There are two Ashton Hall’s in Lancaster. The first is part of the council complex of Dalton Square near the Buck Ruxton murder site and the second is currently the headquarters of the Lancaster Golf Club.
Ashton Hall, now used by the Golf Club, was originally built by Roger of Poitou in the Barony of Lancaster. Only the tower at the south wing remains of this original building which enjoys a fantastic view of the estuary of the River Lune and Morecambe Bay.
The main hall was built by Edmund Lawrence. The Lawrence family controlled Aston Hall for the best part of two hundred years. Records show that John and Alice Lawrence were tenants in 1323 and also that William de Lancaster I granted a portion of land to Gilbert during the reign of Henry II (1154 to 1189).
The old hall has seen an eventful past. At one point the manor was held by John de Coupland who captured David, King of Scots, at the battle of Nevill’s Cross in 1436. King James I, of England, and Charles II have both stayed in Aston Hall.
There are a number of reports of spirits in Ashton Hall. The most common story is a white lady who was locked away in one of the hall’s towers while her lord husband fought abroad. When the husband returned to the Hall she was found starved to death.
In 1788 the wife of the 9th Duke died and his sorrow was so great that he ordered the doors to Ashton Hall closed. They did not open again until 1819 when he died and was taken through to them the ancient Parish and Priory Church of Lancaster were he was buried beside her. Paranormal experts point out that grief on this magnitude can sometimes create a haunting manifestation.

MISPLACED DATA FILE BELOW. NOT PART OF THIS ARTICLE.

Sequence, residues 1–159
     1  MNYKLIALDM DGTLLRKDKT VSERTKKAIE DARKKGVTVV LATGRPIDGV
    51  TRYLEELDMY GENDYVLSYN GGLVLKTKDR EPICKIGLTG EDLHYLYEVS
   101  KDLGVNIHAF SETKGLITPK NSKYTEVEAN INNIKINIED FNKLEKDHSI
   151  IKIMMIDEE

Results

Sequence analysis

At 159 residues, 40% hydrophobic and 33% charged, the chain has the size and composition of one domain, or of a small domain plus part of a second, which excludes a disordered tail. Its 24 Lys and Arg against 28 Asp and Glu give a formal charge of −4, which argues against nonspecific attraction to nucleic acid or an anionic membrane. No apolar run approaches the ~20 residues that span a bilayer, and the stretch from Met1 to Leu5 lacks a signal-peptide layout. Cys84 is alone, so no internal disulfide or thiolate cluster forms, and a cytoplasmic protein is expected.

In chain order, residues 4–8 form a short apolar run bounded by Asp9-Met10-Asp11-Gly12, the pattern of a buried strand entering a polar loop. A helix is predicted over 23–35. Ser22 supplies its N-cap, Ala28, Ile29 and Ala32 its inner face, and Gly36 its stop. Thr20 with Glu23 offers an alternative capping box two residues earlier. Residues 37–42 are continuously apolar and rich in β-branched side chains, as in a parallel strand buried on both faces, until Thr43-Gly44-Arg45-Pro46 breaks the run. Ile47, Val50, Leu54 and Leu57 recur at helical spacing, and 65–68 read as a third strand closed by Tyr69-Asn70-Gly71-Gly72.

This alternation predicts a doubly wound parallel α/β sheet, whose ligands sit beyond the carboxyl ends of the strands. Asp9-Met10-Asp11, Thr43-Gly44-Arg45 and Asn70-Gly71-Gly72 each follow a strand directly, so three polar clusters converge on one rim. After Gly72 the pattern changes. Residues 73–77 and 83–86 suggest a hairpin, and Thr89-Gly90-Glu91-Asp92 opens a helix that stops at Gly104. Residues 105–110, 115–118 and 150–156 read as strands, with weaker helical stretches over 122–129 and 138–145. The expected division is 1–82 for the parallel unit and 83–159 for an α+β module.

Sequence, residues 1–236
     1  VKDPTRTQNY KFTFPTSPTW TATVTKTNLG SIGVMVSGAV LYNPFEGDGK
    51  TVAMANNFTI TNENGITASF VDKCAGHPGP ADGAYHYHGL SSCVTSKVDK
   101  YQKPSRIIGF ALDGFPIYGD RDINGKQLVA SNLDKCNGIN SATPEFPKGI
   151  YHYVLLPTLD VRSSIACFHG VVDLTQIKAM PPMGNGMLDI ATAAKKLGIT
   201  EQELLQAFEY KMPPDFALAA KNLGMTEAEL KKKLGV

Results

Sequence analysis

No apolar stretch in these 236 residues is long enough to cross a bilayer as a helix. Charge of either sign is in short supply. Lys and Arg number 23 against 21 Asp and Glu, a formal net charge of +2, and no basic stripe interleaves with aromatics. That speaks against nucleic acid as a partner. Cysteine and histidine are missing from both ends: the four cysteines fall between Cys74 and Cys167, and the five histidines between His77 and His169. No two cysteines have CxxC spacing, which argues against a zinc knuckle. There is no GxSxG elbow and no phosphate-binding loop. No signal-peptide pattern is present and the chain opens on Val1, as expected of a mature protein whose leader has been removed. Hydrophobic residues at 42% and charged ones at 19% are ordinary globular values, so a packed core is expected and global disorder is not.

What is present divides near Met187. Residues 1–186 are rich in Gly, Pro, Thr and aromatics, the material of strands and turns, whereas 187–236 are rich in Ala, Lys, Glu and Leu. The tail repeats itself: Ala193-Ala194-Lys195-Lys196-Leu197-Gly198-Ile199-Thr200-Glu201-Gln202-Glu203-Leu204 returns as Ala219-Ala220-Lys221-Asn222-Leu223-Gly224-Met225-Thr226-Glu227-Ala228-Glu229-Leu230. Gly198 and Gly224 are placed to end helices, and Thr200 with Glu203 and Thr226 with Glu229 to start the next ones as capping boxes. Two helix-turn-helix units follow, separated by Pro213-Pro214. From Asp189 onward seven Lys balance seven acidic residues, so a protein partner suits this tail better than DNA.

Indeed, the wife of the 4th Duke of Hamilton, the lord who died in the duel against Lord Mohun and General Macartney was said to be so upset that she spent most of her remaining 32 years at Ashton Hall, in a bedroom in the south wing. The room is known as “The Duchess’s Bedroom” to this day.
It is also noticeable that Ashton Hall has an unusually high ratio of female descent – ownership of the estate has passed over the female line far more frequently than other comparable buildings.
Roman remains have also been found on the site. Some of the artefacts discovered nearby have included an altar inscribed with blessings to a Goddess of Plenty. This may have been Ops – a mother-goddess who also governed fertility and the harvest. She is celebrated in the festival of Opiconsivia on August 25th and Opalia on December 19th. Is there a connection between this nearby goddess and Ashton Hall’s strong line of female descent?
In Pure Spirit
Have you attended any of the events held in Ashton Hall? What was it like? Do you have any additional stories of murder at Aston Hall, death, ghosts, spirits or dark mists? Perhaps you have heard an alternative version of the Ashton Hall white lady legend?